The conceit of the name Christine and the Queens involves an ambiguity that Letissier loves to exploit. While in interviews she has often pointed out that Christine is a character that emerged from a dark period after a devastating breakup, and the Queens refers to a support group of drag queens in London who helped give her the confidence to launch her career, in a more conventional reception, Christine is her stage name as she fronts the Queens, her backing band and dancers. Whether the audience gets the back story and understands Letissier’s journey as an artist is likely beside the point. What seems to matter when she’s on stage is to consider this angry French girl, and what she has to say about who she is and who her audience is.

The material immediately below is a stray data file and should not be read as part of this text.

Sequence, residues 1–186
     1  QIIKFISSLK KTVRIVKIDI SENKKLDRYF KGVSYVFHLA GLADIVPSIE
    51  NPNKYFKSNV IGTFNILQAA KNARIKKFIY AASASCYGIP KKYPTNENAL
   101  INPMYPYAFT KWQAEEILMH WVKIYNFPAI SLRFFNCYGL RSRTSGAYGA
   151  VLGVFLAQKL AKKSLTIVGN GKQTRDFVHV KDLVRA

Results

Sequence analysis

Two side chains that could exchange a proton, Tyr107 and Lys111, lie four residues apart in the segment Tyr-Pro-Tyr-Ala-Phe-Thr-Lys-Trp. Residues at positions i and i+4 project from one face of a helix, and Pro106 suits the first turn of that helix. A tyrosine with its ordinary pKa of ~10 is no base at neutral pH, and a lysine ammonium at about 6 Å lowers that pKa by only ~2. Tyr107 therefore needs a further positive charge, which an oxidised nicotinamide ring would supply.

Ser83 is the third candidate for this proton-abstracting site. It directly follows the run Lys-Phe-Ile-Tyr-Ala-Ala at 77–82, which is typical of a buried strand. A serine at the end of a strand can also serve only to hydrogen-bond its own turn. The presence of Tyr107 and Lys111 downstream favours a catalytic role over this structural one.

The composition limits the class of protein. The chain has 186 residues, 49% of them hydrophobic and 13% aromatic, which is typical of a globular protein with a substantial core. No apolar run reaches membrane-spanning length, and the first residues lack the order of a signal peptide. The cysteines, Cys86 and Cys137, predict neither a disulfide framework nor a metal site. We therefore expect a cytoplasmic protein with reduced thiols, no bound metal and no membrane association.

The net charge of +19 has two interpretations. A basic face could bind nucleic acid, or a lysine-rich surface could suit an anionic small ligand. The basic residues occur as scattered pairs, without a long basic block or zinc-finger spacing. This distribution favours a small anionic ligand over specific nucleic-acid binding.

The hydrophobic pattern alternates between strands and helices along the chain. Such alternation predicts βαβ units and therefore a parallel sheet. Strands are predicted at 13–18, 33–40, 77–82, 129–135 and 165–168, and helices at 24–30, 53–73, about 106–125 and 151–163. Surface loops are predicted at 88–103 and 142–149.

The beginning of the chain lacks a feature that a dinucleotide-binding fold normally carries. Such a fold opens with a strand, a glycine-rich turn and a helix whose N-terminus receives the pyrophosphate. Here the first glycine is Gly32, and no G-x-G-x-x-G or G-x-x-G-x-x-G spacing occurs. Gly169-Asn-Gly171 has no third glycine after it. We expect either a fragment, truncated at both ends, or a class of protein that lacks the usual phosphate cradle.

Letissier dropped her #angryfrenchgirl line when introducing “Paradis Perdus,” her self-described “weird” mash-up of French pop icon Christophe’s “Les Paradis Perdus” with Kanye’s “Heartless.” The song itself — which FRB’s Christine Champ detailed in our Boston Calling preview — contrasts the foppish personality of Christophe’s narrator with the sensitive and heartbroken text from Kanye’s 808s and Heartbreak. For Kanye, the song was an exercise in raw, soul-bearing earnestness, while Christophe’s persona has always been a bit of a facade, the melancholic dandy. When Letissier performed the song, she interrupted her sprightly set to remain stationary, at centerstage. The contrast between the source material may have been a bit lost on an American audience unfamiliar with the language or the imaginaries of Christophe’s performance, but the passionate and brutal performance contrasted so starkly with what Letissier had offered earlier, in that the energetic and angry French girl became the sad bilingual boy. Toward the end of the set, after assigning identities to flowers in an affecting discourse on gender-fluid acceptance (“Oh, the orange one is Beyonce”), Christine gave away them game: “I feel like a little boy.” As an audience, we were witnessing a performer in-between: French and English, male and female, facade and earnestness. This is what Letissier wanted us to see.